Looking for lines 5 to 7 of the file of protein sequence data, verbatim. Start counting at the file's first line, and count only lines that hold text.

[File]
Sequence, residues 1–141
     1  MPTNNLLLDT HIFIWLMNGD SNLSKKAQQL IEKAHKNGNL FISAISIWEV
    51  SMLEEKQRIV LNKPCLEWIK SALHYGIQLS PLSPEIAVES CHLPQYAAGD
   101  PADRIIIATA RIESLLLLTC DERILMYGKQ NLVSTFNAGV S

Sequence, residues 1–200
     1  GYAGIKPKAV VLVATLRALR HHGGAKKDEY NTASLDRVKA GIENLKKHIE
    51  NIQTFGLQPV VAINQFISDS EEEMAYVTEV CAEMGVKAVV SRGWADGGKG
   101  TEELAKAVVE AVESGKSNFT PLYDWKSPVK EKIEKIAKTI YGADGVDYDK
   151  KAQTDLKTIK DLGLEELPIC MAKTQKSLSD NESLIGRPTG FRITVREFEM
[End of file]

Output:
Sequence, residues 1–200
     1  GYAGIKPKAV VLVATLRALR HHGGAKKDEY NTASLDRVKA GIENLKKHIE
    51  NIQTFGLQPV VAINQFISDS EEEMAYVTEV CAEMGVKAVV SRGWADGGKG